Apple mobile devices could be at risk of hacking

A major flaw in Apple software for mobile devices could possibly allow hackers to intercept email and other communications that are meant to be encrypted.

If attackers have access to a mobile user’s network, such as by sharing the same unsecured wireless service , they could see or alter exchanges between the user and protected sites . Governments with access to telecom carrier data could do the same.

Apple did not say when or how it learned of the flaw in the way iOS handles sessions in what are known as secure sockets layer or transport layer security, nor did it say whether the flaw was being exploited, however  a statement on its support website on Friday was fairly clear: The software “failed to validate the authenticity of the connection”. In laymans terms that means that the connection was insecure.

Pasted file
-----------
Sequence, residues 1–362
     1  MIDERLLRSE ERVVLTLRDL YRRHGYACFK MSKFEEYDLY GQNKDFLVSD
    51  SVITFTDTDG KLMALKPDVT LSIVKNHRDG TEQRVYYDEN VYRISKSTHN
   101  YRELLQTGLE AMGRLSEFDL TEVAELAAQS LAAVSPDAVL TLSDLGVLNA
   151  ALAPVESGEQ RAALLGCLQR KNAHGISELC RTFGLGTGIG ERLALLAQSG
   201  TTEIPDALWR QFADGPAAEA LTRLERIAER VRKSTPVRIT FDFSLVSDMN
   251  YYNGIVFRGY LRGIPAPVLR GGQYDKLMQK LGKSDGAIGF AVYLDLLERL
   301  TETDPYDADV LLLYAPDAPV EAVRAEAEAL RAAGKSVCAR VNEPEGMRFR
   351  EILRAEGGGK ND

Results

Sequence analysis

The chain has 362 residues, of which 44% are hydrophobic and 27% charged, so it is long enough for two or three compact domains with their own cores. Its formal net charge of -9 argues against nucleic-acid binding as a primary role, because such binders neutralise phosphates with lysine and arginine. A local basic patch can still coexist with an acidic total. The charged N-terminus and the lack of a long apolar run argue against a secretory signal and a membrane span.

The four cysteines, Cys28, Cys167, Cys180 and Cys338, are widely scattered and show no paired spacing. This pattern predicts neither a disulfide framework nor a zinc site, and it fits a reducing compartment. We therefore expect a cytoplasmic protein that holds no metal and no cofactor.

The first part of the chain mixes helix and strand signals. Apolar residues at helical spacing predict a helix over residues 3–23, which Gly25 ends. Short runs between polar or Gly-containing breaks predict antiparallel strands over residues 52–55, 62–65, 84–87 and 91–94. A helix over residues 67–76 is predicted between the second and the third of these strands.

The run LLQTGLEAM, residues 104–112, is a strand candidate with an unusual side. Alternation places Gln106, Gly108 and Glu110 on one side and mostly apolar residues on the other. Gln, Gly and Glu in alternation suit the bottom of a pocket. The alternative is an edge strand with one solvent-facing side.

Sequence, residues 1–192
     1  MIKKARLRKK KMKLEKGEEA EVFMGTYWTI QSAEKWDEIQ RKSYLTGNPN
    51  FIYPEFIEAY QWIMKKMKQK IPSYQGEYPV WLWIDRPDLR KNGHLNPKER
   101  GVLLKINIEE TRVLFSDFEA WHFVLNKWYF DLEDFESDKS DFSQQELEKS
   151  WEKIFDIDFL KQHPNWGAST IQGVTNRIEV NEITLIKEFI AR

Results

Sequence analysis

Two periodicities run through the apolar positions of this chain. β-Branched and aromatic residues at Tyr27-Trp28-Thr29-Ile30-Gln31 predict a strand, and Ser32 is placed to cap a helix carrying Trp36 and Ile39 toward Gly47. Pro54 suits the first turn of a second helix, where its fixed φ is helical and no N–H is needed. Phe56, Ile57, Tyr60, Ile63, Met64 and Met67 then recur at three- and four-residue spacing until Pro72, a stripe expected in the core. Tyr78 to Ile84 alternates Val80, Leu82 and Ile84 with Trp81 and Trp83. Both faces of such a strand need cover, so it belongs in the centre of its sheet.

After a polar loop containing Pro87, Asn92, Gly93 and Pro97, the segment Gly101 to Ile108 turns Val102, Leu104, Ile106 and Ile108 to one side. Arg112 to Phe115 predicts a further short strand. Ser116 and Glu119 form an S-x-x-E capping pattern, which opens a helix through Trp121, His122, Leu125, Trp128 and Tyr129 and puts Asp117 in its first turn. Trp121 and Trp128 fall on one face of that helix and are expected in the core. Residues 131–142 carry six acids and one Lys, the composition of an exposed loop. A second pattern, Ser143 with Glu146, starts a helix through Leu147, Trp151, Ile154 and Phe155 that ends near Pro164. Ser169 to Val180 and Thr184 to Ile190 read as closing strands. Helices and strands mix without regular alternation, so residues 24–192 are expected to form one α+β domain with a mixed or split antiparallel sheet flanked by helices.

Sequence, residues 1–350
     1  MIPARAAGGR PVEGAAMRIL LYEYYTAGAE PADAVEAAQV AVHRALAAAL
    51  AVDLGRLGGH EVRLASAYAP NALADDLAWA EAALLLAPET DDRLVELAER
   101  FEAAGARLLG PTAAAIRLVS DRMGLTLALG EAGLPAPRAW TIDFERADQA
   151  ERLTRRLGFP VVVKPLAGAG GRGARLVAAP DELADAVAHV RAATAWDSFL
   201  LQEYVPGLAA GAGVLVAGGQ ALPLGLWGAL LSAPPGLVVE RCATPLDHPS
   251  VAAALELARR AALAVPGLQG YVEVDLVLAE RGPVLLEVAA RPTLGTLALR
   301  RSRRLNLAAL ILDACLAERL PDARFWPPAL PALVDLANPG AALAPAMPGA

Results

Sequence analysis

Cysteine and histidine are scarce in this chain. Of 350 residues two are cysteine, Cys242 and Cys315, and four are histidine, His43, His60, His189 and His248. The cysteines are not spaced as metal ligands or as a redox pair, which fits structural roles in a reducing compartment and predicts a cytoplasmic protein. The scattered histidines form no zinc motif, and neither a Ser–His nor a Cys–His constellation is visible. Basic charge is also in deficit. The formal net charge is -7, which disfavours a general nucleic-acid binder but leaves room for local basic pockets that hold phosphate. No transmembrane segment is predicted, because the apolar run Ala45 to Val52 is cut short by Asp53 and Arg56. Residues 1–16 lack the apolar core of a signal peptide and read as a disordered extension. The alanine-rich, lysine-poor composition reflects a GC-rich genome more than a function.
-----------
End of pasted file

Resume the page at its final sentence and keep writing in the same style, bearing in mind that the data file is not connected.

Apple released software patches and an update for the current version of iOS for iPhone 4 and later, 5th-generation iPod touches, and iPad 2 and later.

Without the fix, a hacker could impersonate a protected site and sit in the middle as email or financial data went between the user and the real site. Not that you’d be doing any banking on your iPhone or iPad while you’re having a latté at your local coffee shop. If not banking, perhaps a spot of online shopping using your credit card.

Because spies and hackers will also be studying the patch, they could develop programs to take advantage of the flaw within days or even hours.

Apple did not reply to requests for comment. The flaw appears to be in how well-understood protocols were implemented, an embarrassing lapse for a company of Apple’s stature and technical prowess.

The company was recently stung by leaked intelligence documents claiming that authorities had a 100% success rate in breaking into iPhones.

There is speculation that this vulnerability, coupled with automatic updates over SSL, may have been one of the ways that the NSA could access “any iOS device” — a claim made in leaked Snowden-NSA documents, one that Apple vehemently denied.